If you want any proof that superstition and black magic is alive and well in Thailand then you don’t need to go further than the front page of the Thai Rath. This is the most popular newspaper for Thai people and its front pages are often filled with colour pictures of road accidents and murder victims. On the front page of yesterday’s newspaper was this photo of a policeman looking at 14 jars containing the pickled remains of foetuses. Yes, you heard right. The foetuses all come from illegal abortions. Once they are dried out, a black magic ceremony is performed to turn this into a Kumong Tong or Golden Boy. Some people believe that the spirit of the un-born child will protect them and keep them safe from danger. They are often worn in an amulet around the neck or close to the body. It is believed the kumong tong can warn of approaching danger. Some people also believe it will bring you good luck as in revealing the lottery numbers. You can read more background information about it on our Paknam Web Forums.
Category Archives: Thai Superstitions
To say that Thai people are superstitious is an understatement. Couple this with a desire to win the national lottery then you will get some very odd behaviour. People will do anything to find the latest lottery number. They will even rub the bark of a lucky tree to see if they can work out any numbers. At our local Erawan Museum, someone apparently won a million baht after wishing for good luck. Since the news broke thousands of people go there to pray now.
People also look for anything auspicious or unusual. Over at our sister blog, ThaiPhotoBlogs.com, we have reported a couple of times about these unusual ways of looking for lottery numbers. One was the footprints of a Naga snake on top of a car. People were looking for numbers in the patterns. Another was a pig which had two faces. Today comes another story from the Thai Rath newspaper. A man from Udornthanee bought a betel nut palm to decorate his restaurant. After a short while, he noticed that the leaves of the plant were growing into the shape of the King of the Nagas, a highly respected serpent snake. As soon as the locals heard about this they came flocking to his restaurant to pay respect and also to beg for the winning lottery numbers!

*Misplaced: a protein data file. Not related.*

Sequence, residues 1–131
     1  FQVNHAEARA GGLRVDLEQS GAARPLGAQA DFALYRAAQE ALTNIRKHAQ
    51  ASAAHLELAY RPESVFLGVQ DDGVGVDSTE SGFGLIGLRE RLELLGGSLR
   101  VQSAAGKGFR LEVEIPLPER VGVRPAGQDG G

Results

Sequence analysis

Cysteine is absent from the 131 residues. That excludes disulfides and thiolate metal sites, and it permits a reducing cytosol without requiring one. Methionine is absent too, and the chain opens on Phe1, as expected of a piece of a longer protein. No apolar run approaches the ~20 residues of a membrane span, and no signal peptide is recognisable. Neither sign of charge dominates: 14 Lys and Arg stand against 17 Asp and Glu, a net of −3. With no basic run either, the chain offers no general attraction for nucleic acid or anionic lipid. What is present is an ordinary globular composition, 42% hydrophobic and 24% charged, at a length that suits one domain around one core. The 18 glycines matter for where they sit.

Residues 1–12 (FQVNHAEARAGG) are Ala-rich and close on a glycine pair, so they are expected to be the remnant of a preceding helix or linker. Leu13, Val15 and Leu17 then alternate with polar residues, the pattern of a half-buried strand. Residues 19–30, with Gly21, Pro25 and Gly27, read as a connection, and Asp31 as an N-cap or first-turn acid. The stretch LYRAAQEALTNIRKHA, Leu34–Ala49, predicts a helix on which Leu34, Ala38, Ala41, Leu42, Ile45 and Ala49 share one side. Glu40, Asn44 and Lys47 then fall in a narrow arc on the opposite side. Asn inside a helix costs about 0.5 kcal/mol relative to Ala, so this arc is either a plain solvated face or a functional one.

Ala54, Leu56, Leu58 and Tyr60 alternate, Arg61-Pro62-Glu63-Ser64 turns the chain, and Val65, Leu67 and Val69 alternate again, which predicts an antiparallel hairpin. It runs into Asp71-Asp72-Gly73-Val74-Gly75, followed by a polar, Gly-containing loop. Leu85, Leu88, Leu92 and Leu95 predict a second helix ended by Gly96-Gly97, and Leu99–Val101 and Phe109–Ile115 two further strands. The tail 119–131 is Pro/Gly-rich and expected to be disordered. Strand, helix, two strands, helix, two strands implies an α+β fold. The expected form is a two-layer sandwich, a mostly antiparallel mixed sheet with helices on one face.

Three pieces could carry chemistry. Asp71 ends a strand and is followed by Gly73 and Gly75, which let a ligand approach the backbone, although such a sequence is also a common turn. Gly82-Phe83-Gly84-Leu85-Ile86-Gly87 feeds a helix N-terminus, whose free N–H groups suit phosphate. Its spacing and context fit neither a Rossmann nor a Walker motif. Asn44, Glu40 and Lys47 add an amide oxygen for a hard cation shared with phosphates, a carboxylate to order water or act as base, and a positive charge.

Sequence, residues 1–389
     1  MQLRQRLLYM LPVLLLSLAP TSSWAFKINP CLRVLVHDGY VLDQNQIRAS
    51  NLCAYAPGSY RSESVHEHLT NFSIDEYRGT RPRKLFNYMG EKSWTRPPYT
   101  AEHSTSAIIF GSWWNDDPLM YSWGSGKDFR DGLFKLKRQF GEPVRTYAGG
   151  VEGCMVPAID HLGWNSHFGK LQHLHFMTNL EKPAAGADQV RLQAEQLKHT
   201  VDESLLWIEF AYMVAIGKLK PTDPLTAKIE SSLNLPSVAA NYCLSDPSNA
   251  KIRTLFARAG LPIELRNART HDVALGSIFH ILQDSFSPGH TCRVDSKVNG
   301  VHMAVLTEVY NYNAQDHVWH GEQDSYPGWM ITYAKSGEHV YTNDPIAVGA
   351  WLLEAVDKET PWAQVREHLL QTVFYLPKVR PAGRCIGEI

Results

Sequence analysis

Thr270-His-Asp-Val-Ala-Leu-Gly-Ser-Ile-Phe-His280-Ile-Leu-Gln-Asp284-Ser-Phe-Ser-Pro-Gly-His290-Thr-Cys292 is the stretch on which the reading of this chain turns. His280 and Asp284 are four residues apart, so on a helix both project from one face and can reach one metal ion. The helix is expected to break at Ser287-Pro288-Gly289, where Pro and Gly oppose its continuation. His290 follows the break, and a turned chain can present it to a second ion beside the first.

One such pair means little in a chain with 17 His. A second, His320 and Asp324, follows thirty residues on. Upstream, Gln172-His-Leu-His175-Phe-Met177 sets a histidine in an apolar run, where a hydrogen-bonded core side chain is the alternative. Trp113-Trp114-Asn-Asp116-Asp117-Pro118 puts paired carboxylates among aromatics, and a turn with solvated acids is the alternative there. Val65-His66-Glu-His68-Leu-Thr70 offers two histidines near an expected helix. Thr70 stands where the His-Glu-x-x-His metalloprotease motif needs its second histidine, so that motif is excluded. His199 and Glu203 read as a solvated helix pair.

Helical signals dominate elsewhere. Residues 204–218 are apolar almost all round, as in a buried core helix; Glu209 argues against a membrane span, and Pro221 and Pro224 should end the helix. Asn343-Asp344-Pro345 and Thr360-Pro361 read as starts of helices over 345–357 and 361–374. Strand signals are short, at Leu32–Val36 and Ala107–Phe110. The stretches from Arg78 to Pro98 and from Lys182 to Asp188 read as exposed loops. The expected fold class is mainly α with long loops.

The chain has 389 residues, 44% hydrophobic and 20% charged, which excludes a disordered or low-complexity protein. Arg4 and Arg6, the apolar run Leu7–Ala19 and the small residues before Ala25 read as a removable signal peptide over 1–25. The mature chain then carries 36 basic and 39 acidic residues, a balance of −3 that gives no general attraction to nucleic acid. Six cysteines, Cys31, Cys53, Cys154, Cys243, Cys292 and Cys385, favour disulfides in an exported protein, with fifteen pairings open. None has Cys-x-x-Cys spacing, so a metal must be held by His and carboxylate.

Throw a hole into the hole for good luck!
(1) Don’t whistle at night because you will invite ghosts into your house.
(2) Don’t let women eat chicken feet because they will have an affair
(3) Do not let pregnant women whistle because her baby will have a crooked mouth
(4) Do not allow an adult pay respect to a child (wai) because that child will have a shortened life
(5) Do not joke while you are eating because the ghost will steal your rice
(6) Do not cover your head when you go to a temple because this will make you bald
(7) Do not sharpen a knife at night time because you will offend the angels
(8) Do not look at naked people because your eyes will become swollen
(9) Do not have sexual intercours on holy days (wan phra) because bad things will happen.
(10) Do not let the bride and the groom meet three days before the wedding because their marriage will not last